By Bill Trott
WASHINGTON (Reuters) - Supercharging the bluster, hyperbole and media mastery that made him one of the world's best-known businessmen, Donald Trump upended U.S. democratic traditions on a 17-month quest he hopes will lead to the White House.
From his grand Trump Tower escalator entrance into the Republican presidential race on June 16, 2015, Trump managed to be simultaneously charismatic and combative, elitist and populist, lewd and pious as he drilled into a lode of polarity and anti-Washington anger among American voters.
In Tuesday's election against Democrat Hillary Clinton, Trump is making his first run for public office. Trump called it a movement, not a campaign.
He drew enthusiastic crowds to rallies where people cheered him for "just saying what everybody's thinking." Critics labeled him misogynistic, ill-informed, uncouth, unpresidential, a racist, a hypocrite, a demagogue and a sexual predator, all accusations he denied.
It took Trump, 70, little more than 10 months to vanquish 16 other candidates and become the first major party nominee since General Dwight Eisenhower in the 1950s to have no government experience. He drew a record number of votes in primary contests but in so doing created a rift in the party.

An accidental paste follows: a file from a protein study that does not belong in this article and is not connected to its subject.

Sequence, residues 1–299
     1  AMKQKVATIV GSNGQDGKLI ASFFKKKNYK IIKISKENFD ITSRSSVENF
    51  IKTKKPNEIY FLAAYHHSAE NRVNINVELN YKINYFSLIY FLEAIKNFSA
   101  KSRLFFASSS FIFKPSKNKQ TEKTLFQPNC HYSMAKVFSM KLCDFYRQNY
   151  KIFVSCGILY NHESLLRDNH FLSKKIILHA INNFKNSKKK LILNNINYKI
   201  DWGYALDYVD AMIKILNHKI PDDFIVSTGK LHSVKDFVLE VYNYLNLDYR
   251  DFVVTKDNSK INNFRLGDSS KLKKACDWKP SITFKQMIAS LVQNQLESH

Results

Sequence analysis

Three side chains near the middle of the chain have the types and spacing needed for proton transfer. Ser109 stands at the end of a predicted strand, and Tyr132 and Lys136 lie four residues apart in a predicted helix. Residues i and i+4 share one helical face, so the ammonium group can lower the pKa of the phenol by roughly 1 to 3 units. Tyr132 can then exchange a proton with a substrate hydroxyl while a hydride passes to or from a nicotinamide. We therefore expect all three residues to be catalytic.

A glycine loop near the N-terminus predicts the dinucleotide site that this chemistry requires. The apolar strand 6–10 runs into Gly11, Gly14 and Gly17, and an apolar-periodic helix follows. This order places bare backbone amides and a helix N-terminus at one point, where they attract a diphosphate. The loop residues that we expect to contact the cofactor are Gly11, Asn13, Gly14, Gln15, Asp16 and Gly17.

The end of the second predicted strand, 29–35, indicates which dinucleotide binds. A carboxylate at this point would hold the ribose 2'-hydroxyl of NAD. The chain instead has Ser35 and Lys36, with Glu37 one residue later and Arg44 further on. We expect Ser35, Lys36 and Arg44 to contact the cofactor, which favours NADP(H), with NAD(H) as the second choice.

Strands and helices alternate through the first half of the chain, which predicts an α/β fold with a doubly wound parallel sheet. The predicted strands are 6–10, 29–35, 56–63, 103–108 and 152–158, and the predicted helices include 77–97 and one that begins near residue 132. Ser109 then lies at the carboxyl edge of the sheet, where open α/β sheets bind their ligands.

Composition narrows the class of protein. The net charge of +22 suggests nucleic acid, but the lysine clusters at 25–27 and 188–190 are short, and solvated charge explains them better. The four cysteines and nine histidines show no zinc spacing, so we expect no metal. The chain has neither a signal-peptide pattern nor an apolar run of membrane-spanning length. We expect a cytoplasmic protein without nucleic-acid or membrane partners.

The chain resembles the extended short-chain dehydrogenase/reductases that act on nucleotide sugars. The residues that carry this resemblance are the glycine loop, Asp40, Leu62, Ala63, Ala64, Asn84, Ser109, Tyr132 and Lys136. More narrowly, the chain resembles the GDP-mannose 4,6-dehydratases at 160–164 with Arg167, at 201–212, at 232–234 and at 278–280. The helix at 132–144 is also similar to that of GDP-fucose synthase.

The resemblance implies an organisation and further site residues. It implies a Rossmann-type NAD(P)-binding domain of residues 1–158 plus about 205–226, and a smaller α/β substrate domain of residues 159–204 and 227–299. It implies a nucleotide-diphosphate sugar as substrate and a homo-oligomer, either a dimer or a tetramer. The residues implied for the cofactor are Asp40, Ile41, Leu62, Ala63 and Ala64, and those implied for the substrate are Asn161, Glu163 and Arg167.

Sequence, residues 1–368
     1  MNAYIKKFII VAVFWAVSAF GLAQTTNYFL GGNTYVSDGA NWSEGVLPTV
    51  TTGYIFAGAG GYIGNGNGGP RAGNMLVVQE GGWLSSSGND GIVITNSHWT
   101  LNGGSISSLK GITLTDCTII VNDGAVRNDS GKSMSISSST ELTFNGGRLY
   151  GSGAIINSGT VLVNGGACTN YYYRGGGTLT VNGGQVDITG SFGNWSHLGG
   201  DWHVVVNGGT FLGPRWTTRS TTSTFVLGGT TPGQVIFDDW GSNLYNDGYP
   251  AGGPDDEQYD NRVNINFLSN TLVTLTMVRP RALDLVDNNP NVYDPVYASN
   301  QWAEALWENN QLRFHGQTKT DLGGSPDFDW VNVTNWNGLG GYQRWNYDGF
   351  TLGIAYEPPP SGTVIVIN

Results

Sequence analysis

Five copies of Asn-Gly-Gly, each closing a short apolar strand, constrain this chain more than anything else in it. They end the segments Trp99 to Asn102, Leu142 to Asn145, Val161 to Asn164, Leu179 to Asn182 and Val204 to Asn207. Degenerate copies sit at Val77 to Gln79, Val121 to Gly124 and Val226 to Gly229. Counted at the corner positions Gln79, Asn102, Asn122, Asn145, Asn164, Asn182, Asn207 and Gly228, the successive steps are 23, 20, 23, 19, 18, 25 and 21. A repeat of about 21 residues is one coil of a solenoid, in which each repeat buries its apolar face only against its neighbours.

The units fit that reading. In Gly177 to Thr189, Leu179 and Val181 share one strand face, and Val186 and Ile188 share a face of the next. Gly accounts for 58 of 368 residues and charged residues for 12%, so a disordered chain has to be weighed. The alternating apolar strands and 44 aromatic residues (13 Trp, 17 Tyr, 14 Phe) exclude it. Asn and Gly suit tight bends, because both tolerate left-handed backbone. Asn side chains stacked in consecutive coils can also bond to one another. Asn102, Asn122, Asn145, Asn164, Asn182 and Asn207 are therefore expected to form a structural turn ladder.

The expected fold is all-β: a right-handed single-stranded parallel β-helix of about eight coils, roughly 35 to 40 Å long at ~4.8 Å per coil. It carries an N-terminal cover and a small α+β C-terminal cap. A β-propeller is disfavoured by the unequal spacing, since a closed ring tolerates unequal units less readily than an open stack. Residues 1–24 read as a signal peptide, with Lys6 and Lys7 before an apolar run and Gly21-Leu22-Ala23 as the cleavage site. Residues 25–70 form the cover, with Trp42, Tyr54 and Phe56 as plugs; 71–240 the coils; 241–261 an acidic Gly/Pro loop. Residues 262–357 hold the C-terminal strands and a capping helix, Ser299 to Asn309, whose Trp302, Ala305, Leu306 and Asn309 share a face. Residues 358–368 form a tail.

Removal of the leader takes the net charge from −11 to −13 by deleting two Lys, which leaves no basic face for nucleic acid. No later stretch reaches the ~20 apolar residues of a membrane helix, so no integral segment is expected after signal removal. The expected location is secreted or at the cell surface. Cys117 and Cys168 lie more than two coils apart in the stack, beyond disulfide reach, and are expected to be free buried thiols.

Then he squared off against Clinton, 69, in a race marked by controversies that included upheaval in his staff, charges he had groped women, and his claim, never supported, that Clinton and the media had rigged the election against him.
He shocked many by saying he might not accept the election result if he lost, repudiating a U.S. tradition of peaceful government transition. He said that as president he would investigate Clinton for her use of email while secretary of state. He vowed to send her to jail.
His campaign took a scandalous turn in October with the release of a 2005 video in which Trump, unaware he was being recorded, told a television entertainment reporter that he liked to kiss women without invitation and that, because he was rich and famous, he could "grab them" by the genitals without recriminations.
Trump dismissed the remarks as "locker room talk" and denied the subsequent accusations from more than 10 women who said he had groped them or made unwanted sexual advances.
GLOOM OVER AMERICA
Throughout his campaign - and especially in his Republican convention speech in July - Trump described a dark America that had been knocked to its knees by China, Mexico, Russia and Islamic State. The American dream was dead, he said, smothered by malevolent business interests and corrupt politicians, and he said he alone could revive it.